You’ve participated in nearly 20 events for HERA, always using the team name Bury the Dragon. What is the meaning behind that name?
When I was first diagnosed I had just started dating a guy, we were starting to fall in love but it was all a new relationship. Six months in I was recovering from a major surgery and I was bald. I’ve always had a low maintenance style so wigs never appealed to me, too much fussing was required and they were too itchy. I usually wore scarfs on my head but it was summer and it was hot and humid in Philadelphia. Plus, whenever I wore a scarf people on the street would look at me with sympathy. I hated that. If I was out it was because I felt strong and good, I didn’t want to be reminded of my disease every time someone gave me a sympathetic look.
I remember one day walking to a restaurant with Mark, I was sweating and miserable. I asked him if he would be embarrassed if I took off my scarf. Of course he wouldn’t but when I did, I felt like I was naked. I was so embarrassed. The next day, my blood counts came in strong so I went to the tattoo shop and had a dragon tattooed on my head. I was able to go bald during the hot summer and no one looked at me like I was pathetic. No one realized I had cancer! People thought I was a tough girl which was totally new to me. By the way, Mark and I ended up getting married five years later while I was going through my second bout of ovarian cancer. I was completely bald for the ceremony.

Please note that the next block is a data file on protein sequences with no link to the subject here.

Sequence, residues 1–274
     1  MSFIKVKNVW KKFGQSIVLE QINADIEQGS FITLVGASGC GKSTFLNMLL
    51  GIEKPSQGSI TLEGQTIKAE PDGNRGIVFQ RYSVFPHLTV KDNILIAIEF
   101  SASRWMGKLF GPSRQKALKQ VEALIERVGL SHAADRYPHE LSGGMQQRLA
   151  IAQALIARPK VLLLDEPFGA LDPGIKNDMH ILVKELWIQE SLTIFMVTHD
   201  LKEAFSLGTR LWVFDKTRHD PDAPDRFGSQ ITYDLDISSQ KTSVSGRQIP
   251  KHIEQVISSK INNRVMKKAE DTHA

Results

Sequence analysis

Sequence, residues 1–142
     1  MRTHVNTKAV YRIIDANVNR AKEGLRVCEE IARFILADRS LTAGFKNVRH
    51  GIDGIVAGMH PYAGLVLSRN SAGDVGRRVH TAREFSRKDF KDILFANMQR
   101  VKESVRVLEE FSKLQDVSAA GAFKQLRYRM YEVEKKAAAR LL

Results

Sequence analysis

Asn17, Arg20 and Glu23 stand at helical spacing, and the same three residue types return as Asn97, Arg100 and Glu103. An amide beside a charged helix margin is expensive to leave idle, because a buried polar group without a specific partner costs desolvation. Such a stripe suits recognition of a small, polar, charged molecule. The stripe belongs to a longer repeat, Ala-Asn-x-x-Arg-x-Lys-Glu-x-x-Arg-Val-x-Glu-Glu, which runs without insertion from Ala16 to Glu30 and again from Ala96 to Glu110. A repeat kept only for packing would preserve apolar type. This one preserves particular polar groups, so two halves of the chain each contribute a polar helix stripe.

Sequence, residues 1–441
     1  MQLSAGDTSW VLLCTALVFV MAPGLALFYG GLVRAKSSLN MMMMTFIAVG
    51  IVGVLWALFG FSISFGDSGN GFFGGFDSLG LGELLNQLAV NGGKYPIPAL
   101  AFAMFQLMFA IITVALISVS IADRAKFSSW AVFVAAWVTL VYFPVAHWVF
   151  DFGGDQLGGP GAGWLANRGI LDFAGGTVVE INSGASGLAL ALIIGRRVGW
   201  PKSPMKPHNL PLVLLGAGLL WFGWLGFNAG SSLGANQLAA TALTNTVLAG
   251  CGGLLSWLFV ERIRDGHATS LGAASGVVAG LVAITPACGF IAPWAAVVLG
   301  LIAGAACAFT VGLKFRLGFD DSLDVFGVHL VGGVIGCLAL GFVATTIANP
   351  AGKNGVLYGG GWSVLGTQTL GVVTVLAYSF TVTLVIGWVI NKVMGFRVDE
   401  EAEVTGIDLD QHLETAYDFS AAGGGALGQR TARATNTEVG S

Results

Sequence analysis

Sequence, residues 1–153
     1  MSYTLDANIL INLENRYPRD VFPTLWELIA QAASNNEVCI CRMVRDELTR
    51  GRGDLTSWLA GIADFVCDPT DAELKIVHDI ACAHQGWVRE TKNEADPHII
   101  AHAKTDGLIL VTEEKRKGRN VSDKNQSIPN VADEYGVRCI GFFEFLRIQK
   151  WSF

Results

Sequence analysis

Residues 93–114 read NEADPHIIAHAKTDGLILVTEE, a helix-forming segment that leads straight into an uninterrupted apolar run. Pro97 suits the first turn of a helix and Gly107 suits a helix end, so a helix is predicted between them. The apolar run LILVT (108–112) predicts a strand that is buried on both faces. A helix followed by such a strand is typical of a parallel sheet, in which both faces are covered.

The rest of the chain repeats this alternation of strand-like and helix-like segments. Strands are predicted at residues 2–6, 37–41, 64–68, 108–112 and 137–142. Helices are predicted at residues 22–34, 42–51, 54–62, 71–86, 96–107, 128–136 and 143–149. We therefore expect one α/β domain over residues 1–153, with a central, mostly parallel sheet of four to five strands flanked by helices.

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You have been an amazing role model to women who receive a similar diagnosis to you.  What do you tell women when they reach out to you for advice?

  • Spend your days doing what you love, when illness won’t let you do what you love, find something else to love and do that. I love climbing but there were many days that I couldn’t climb, so I spent a lot of time knitting.
    Don’t be afraid to ask for help. This one can be very difficult. But learning to ask for help is a gift to yourself and to the people who love you.
  • Get some thick skin… well intended people often say some pretty insensitive stuff. One time someone who I didn’t know at all, asked me how long I had to live!
  • When you are waiting for a test result try not to spend the time before you get the result paralyzed with fear, it won’t change the result. Enjoy not having bad news and deal with the bad news when and if it comes.
  • Never ever let anyone tell you that you have to be positive all of the time. It is ok to grieve, be angry and be scared. This disease sucks and it brings out every emotion. So many times we feel pressure to be positive constantly. For me, oppressing emotions is really not healthy.

What advice do you have for women in general when it comes to the overall management of their health?
In addition to having cancer twice I also broke my ankle very badly last year. The lessons I learned from cancer absolutely applied to those two surgeries and five days in the hospital getting my ankle fixed.

  • Find the best doctor around. Go see the expert. Interview them for the job. Hire them for their skills not their bedside manner. If you don’t like them, fire them. You are the CEO of your healthcare. Educate yourself about treatment options and clinical trials. Advocate for yourself and if you aren’t feeling up to it, bring a friend or family member along to advocate for you. Do not be afraid to question your doctors. They are not always right, they sometimes make mistakes. Write your questions down before your appointment.
  • Get a second opinion.